Open access and intimate fieldwork

A report on the Linguistics in the Pub discussion Tuesday 11th March, Prince Alfred Hotel, Grattan St, Melbourne.

This Linguistics in the Pub discussion brought together fieldworkers who do research in Indigenous Australia, Africa, South Asia, Papua New Guinea and Nepal, as well as a computational linguist who has developed software to automate language documentation. The linguists were not all Australian, in fact we were lucky to have four participants who identify as European who are living in Australia, temporarily or permanently. The linguists’ experience in language documentation ranged from between 6-30 years and between them had deposited in the digital archives: DoBeS, Paradisec and ELAR. The timeliness of this discussion is demonstrated by David Nathan’s very recent ELAC post on the same topic.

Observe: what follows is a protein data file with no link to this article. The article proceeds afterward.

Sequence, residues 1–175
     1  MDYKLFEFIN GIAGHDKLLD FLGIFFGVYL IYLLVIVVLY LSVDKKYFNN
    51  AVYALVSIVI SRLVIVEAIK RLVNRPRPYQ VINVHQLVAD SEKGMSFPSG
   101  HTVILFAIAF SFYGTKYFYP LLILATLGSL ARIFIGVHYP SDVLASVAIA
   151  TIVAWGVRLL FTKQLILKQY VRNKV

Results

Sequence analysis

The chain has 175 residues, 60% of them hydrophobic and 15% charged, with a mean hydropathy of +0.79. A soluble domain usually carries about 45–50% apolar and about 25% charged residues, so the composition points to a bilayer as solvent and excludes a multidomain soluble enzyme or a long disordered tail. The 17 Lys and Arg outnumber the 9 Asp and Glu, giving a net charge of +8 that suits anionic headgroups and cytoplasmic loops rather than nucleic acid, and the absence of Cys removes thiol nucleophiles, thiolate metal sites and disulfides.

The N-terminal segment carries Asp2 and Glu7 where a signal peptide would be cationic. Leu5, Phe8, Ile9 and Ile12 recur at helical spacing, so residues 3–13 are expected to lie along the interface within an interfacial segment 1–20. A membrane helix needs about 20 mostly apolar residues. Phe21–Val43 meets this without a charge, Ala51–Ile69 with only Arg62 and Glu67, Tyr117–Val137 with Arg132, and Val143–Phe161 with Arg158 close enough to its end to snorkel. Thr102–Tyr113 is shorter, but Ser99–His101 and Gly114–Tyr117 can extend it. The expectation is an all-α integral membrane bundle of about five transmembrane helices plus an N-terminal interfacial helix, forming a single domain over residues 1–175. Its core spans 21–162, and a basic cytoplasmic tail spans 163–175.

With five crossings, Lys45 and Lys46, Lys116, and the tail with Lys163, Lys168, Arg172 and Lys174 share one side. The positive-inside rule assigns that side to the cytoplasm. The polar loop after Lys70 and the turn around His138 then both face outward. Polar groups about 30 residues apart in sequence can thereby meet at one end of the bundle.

Some background on why I suggested this topic for Linguistics in the Pub

The early impetus for digital archiving as we know it was to save recordings which might otherwise deteriorate and be unusable for the benefit of researchers, speakers and their descendants. The image of rotting reel to reel tapes in an old suitcase in the garage was often evoked. Thankfully, those documenting endangered languages now have a range of functional digital archives where the material that they collect can be safely stored and accessed. Of course not all fieldworkers do archive their materials, but this discussion aims to put forward the viewpoint of those who do: a group of hard-working linguists who take seriously both their responsibilities to the communities of speakers that they work with and the community of academics that they work with.